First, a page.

Kerry's Journal - Keep Your Hands Off!

Kerry's Journal - Keep Your Hands Off!!

And that means you, Christopher!

I woke up this morning.

Not that I expect you to congratulate me or anything, it's just that with my terrible sleeping habits, the fact that I got out of bed this morning is actually quite an accomplishment. My dad used to call me a "moon child" you know, one of those kids who was switched at birth by the fairies, and would stay up late at night gazing at the moon. At least, I think that's where he got the term from. It's really just a poetic way of saying that I'm an incurable insomniac. I don't sleep well at night, and so I usually have to sleep during the day. Most of the time, like last night, I just lie awake in bed until four AM, staring at the ceiling and telling myself stories to pass the time.

Anyway, I woke up this morning at about seven or so, and wanted to go back to sleep but I couldn't because there's this geometry test I had to take today. So I rolled out of bed, threw on a sweatshirt and the same pair of jeans I wore yesterday (and the day before actually, I wear the same pair for about two weeks straight most of the time), ran a brush through my hair and was ready to go. That's one of the things I love about having short hair when I was a little girl my mom made me wear my hair long and up in two ponytails. I hated those ponytails. When I turned fifteen I decided I was sick of it and I had it all cut off, short, like a boy's. My dad nearly died when he saw it, but there wasn't much he could do about it, now was there? I usually don't bother too much with makeup or anything, just wash my face and stuff a tube of Chapstick in my pocket and that's it. All of this took me about five minutes. I can get ready for school faster than my brothers they spend all this time messing around with their hair and clothes and cologne and stuff, especially Christopher. He thinks he's so cool just because he's popular at school. I swear it takes him like an hour just to mousse his hair in the morning. I think my parents are disappointed that their only daughter is more masculine than their three sons.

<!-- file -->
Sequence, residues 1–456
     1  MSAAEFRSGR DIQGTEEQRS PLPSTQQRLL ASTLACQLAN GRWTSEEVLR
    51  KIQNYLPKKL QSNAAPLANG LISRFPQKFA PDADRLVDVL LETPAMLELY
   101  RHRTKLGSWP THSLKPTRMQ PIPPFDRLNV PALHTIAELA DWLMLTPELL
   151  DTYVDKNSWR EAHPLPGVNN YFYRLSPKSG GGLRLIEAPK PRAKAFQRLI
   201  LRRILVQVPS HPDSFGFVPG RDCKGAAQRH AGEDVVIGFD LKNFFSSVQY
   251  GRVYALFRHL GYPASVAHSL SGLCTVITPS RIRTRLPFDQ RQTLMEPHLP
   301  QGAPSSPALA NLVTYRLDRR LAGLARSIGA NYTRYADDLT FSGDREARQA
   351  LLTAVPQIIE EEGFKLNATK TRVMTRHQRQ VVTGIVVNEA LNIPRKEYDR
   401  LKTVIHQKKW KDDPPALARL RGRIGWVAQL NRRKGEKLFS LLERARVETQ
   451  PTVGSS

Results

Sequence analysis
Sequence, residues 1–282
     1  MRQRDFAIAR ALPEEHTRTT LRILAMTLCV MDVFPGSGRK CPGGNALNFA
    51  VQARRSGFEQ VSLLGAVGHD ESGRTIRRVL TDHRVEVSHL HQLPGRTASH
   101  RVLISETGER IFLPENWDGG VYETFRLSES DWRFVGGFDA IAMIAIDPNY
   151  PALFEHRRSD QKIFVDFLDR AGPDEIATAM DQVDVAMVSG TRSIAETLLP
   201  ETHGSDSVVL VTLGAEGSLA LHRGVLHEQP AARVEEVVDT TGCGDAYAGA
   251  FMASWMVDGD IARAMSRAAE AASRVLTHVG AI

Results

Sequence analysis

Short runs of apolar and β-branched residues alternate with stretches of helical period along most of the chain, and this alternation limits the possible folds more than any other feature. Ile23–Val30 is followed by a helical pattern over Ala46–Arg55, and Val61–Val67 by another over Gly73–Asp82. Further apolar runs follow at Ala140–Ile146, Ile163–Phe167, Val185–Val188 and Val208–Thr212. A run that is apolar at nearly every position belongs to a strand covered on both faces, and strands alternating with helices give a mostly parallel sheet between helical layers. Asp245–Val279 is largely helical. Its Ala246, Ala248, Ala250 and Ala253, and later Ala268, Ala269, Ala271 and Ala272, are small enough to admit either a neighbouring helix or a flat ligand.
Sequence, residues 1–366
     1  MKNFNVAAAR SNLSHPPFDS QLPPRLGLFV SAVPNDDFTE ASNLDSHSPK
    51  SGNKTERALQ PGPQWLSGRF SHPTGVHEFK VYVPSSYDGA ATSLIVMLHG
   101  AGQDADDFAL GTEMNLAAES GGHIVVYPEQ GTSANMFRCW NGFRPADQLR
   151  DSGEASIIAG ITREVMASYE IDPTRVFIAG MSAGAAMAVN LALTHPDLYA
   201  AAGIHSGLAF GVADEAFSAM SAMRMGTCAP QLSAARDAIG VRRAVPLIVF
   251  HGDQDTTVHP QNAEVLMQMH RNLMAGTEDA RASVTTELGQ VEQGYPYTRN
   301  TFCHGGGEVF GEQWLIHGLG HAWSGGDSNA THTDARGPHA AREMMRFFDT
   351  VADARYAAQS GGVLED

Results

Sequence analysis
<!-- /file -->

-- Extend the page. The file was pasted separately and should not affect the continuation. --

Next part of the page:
Breakfast was the same as usual. I made two pieces of toast, spread them with margarine and Tabasco sauce, and then, because I was still hungry, I warmed up a piece of the leftover pizza we had for dinner last night. My mom started chewing me out for leaving crumbs on the counter, even though they weren't my crumbs. I don't know who set her off this morning, but she was in one of those fine funky moods where she was going to be looking for things to bawl you out for, so I left the house before I even finished my second cup of coffee. Experience has taught me that when she's on one of her rampages it's best to just move out of the way and let it blow over, you know? She'll be all smiling and happy by the time I get home from school, anyway.

I'm sixteen, but I don't have my driver's license. I don't really want one, anyway. I mean, what do I need to drive for? I live two blocks away from my school, and I've got this job that's only about a block away from there. (Welcome to Burger King. May I take your order?) It's a terrible job, because I hate people. I'm just not a people person. And for four hours every day (six on Saturdays) I have to look at people, talk to people, take money from people, serve food to people, deal with people, people, people! Ugh. I wish I could be, like, a nun or something. You know, take a vow of silence and go on some mystical, sacred hermitage where I could be alone for twenty years and never have to deal with people. But to get back to my original point (I know, I have the tendency to ramble a lot so sue me) I don't have a car and I don't need one. It takes me about fifteen minutes to walk to school in the mornings.